And then he has sex with lots of cute anime girls.
The end. Import only if you're not tired of playing the same game over and over again and have a solid grasp of Japanese.
Den Den Town and the story of one man in Osaka:
For those of you unaware, Den Den Town is Osaka's answer to Tokyo's Akihabara. While significantly smaller in size, Den Den Town is a lot more centralized; walking from store to store rarely takes any time at all. Better yet, it's very close to Shinsaibashi, Osaka's fashion district. Regardless of what type of shopping you're looking to do, you really can't go wrong by heading in the direction of Den Den Town. It won't take long before you realize you're close either considering giant posters of anime and game characters start to become more and more prevalent the closer you get. It's hard to look anywhere without seeing a familiar character decorating a wall.
Interestingly enough, even stores that don't sell anime or game goods will use character art to advertise their wares. It's not at all rare to see images of Hatsune Miku adorning posters for Apple products as in the image above. This makes for a rather colorful shopping experience that you're not likely to find in too many other places. I strolled into several computer stores only to see the walls decorated with characters from K-On! and other Kyoto Animation productions. The cool part is that these tend to be images that are either drawn by folks at the store or heavily modified.
If you're a fan of figures and models, Den Den Town's also got you covered. Kotobukiya has a store located in the area, with plenty of figures in display cases for those of you not looking to spend money. This is actually a common thread throughout most stores here; there'll be showcase displays in pretty much every other store. Even Sofmap, one of the largest game/anime/hobby chains in the country will have figures on display. You could theoretically plan a trip to Den Den Town without purchasing anything in stores and still have a great time. The retro game shop chain, Super Potato, is the best example of this.
I can't even begin to count the number of times I've gone to a Super Potato just to browse the retro games. It helps of course that the stores seem to understand that this is the case, as they set up display cases to display some of the rarer items. Something I've come to find out by living here is that game and hobby shops do a really fantastic job of respecting classic games and hardware. Yes, there are shops like these out west, but not nearly as many or as centralized. There's just something magical about being able to walk into most game shops and take a walk down video game history lane.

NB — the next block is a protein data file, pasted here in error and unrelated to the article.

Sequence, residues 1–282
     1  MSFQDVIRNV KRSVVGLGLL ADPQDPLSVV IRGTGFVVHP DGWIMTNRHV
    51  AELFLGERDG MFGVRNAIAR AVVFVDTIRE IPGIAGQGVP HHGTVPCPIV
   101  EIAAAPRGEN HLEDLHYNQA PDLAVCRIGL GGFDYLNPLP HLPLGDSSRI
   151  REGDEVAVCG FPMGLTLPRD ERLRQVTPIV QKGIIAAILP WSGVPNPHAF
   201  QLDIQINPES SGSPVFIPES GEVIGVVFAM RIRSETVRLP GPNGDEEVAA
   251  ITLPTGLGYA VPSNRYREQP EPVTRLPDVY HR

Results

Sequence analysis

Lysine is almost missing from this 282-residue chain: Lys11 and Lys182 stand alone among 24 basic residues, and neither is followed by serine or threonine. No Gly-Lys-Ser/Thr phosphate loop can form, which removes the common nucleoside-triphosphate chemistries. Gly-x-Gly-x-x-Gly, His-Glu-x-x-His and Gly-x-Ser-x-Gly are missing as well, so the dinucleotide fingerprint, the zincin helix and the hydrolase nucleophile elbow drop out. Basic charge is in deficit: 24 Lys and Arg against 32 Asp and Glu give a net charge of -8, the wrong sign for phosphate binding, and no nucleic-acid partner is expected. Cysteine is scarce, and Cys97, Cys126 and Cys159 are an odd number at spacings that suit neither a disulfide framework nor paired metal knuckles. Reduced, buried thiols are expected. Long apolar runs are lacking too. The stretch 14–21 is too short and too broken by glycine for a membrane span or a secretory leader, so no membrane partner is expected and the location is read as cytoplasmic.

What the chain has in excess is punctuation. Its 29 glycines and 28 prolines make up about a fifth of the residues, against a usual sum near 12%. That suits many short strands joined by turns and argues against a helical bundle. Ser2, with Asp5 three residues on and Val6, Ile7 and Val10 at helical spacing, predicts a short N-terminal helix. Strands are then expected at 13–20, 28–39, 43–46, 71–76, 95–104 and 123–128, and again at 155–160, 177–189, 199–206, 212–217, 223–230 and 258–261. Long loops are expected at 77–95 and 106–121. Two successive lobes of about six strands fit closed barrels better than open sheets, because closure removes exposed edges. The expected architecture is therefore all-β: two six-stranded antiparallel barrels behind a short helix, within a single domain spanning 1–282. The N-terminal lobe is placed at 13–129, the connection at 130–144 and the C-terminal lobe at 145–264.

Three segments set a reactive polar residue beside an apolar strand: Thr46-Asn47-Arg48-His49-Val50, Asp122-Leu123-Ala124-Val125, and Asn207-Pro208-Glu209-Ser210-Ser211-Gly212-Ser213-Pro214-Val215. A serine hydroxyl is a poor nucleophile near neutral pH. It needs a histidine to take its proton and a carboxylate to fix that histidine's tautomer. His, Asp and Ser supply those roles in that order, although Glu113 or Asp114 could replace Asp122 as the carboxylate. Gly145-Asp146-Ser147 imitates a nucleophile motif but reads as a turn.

But Den Den Town isn't all games. You can of course find the weird shit as well, such as the boobie mouse pads in the header. Strangely enough, I saw these at a computer store that otherwise wasn't selling any anime related goods at all. Along the main street you can't go more than 20 feet or so before walking by a brightly decorated porn shop. If you're in need of a quick bite to eat, convenience stores line the streets. Feel the need to eat a Hachune Miku chicken sandwich? Don't worry, they've got your back.
I could probably go on forever about all the cool places in Den Den Town but I'll spare you for now. When I lived in Osaka four years ago, I made trips to this place with my friends nearly every other day. Even when you're not looking to spend money, you can have a great time browsing and seeing interesting things. In some ways I actually prefer it to Akihabara because it feels more personal I guess. If you find yourself taking a trip in Japan and end up in Osaka, I strongly encourage you to come out to Den Den Town.
Just prepare yourself to see some weird stuff.
[That's it for Go West! this week folks. I'm glad to be back and I apologize for the long absence. It's been a busy few weeks, getting prepared for Tokyo Game Show coverage and finishing up other projects. The lack of big game releases certainly hasn't helped. Look forward to a first impressions of Dragon Quest X in the near future and thanks for reading as always! See you all next week~]